I've previously posted about Sasa's hash-array mapped trie, but I never posted any benchmarks. I recently came across this post on Stackoverflow which provided a decent basic benchmark between .NET's default Dictionary<TKey, TValue>, the C5 collection's hash dictionary, F#'s immutable map, and .NET's new immutable collections. I slightly modified the file to remove the bench against the F# map and the new immutable collections since I'm still using VS 2010, and I added a simple warmup phase to ensure the methods have all been JIT compiled and the GC run to avoid introducing noise: static void Warmup() { var x = Tree.Make<string, object>(); var y = new C5.HashDictionary<string, object>(); var z = new Dictionary<string, object>(); z.Add("foo", "bar"); for (var i = 0; i < 100; ++i) { x = x.Add("foo" + i, "bar"); y.Add("foo" + i, "bar&q

A Truly Slim Read/Write Lock in C#

It's pretty well known that the CLR's ReaderWriterLock and ReaderWriterLockSlim have unappealing performance characteristics. Each class also encapsulates signficant state, which precludes its use in fine-grained concurrency across large collections of objects. Enter Sasa.Concurrency.RWLock in the core Sasa assembly. This is the most lightweight R/W lock I could come up with, particularly in terms of resources used. It's a struct that encapsulates a simple integer that stores the number of readers and a flag indicating whether a writer is active. The interface is similar to ReaderWriterLockSlim, although there are a few differences which are needed to keep the encapsulated state so small: public struct RWLock { // this field is the only state needed by RWLock private int flags; public void EnterReadLock(); public void ExitReadLock(); public bool TryEnterReadLock(); public void EnterWriteLock(object sync); public bool TryEnterWriteLock(object sync);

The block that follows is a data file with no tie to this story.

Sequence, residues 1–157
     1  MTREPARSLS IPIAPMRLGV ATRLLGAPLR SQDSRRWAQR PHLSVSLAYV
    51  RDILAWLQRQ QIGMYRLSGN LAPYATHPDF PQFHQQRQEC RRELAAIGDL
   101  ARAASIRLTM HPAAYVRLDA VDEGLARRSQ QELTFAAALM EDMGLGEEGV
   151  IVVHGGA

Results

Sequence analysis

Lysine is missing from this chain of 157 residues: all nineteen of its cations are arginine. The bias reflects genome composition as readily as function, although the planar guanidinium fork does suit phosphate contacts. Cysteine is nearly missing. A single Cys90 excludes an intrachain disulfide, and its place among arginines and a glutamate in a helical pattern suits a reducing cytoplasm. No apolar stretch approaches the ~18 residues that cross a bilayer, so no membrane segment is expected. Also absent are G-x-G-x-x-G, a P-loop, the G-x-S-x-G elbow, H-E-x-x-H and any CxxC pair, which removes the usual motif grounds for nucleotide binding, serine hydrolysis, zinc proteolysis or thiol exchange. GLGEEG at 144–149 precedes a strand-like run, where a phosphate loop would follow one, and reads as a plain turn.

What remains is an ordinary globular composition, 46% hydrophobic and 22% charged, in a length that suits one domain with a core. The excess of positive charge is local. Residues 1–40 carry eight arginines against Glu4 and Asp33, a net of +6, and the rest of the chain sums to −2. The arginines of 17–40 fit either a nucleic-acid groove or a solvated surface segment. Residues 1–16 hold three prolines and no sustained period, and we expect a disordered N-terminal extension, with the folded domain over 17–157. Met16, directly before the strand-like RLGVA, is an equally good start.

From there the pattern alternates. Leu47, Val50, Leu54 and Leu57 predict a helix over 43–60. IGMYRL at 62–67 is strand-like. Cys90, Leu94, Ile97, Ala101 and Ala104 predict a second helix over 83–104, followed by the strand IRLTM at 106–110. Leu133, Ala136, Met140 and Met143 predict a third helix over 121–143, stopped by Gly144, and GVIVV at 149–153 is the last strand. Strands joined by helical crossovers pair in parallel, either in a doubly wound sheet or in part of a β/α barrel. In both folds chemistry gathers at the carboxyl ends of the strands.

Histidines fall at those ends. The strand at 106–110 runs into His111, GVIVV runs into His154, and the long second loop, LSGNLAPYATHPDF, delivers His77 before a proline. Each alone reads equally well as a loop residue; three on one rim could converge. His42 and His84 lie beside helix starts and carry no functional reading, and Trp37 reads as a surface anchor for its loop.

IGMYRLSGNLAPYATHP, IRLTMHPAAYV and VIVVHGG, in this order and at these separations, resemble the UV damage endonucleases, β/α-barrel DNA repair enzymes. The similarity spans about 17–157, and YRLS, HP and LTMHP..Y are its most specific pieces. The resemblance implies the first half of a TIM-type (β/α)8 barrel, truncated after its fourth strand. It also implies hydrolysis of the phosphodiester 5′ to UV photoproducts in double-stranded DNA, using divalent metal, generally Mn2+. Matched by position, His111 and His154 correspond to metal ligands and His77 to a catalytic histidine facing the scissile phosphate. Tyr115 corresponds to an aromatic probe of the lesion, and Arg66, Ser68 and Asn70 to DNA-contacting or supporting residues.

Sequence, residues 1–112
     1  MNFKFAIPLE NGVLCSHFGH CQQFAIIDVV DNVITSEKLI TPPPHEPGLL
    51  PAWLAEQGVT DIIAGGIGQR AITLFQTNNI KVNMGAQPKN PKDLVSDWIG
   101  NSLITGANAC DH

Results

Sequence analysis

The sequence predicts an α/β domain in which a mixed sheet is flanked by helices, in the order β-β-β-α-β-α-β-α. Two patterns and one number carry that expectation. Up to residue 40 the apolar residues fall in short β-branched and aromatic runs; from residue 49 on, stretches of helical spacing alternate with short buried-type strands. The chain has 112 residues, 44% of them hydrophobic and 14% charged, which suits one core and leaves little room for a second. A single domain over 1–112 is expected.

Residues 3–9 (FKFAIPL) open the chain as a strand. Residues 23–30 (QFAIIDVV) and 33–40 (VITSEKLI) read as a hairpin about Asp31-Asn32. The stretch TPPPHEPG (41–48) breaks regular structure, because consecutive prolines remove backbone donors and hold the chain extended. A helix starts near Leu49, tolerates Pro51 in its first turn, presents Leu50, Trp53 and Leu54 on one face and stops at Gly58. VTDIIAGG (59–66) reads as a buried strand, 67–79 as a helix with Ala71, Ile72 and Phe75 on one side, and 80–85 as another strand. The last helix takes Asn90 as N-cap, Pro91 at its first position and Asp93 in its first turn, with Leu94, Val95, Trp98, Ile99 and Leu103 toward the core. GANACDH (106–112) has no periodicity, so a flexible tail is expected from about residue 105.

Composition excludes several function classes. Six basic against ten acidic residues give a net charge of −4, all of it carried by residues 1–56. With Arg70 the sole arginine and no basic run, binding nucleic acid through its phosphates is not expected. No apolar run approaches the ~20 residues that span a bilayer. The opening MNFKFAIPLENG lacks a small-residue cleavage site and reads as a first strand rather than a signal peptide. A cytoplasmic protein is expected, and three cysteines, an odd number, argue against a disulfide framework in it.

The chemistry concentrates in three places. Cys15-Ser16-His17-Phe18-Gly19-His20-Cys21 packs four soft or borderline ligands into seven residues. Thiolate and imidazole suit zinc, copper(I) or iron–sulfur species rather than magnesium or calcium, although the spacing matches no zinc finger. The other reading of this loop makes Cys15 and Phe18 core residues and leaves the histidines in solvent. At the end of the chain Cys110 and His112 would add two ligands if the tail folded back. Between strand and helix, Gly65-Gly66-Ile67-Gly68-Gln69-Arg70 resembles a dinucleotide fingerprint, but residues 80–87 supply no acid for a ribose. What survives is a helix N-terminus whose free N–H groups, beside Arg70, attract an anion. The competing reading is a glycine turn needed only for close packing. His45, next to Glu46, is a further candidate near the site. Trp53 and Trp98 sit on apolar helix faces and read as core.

Clavis 1.0.0-alpha2 Released

Stan Drapkin, of SecurityDriven.NET fame, was nice enough to provide a little feedback on the Clavis implementation . He pointed out a possible issue with parameter names not being properly URL-encoded, which this release fixes. I also applied a few minor optimizations so generating URLs should be a little faster. I've been using Clavis in production for a couple of years now, so it's fairly stable and user-friendly. The Clavis wiki and issue tracker are available here .

Clavis Rebooted: Secure, Type-Safe URLs for ASP.NET

A few years ago, I wrote about a web security microframework for ASP.NET which provided a few primitives for secure parameter-passing and navigation. I've just released a public alpha on Nuget for anyone who's willing to try it. The previous article covered the theoretic foundation of Clavis well enough, but it has undergone a few small revisions to make it easier to use and integrate more seamlessly with ASP.NET. This post will serve as an end-user introduction to Clavis, the rationale behind the design decisions, and the benefits it provides. As a brief summary to whet your appetite, here are the advantages that the Clavis library provides for an otherwise standard ASP.NET web forms or MVC project: By default, URLs are derived from types, so the compiler ensures that every page that will be displayed actually exists. The default URL generated can be overridden via an attribute. Declarative specification of the types and number of parameters a page accepts, which the c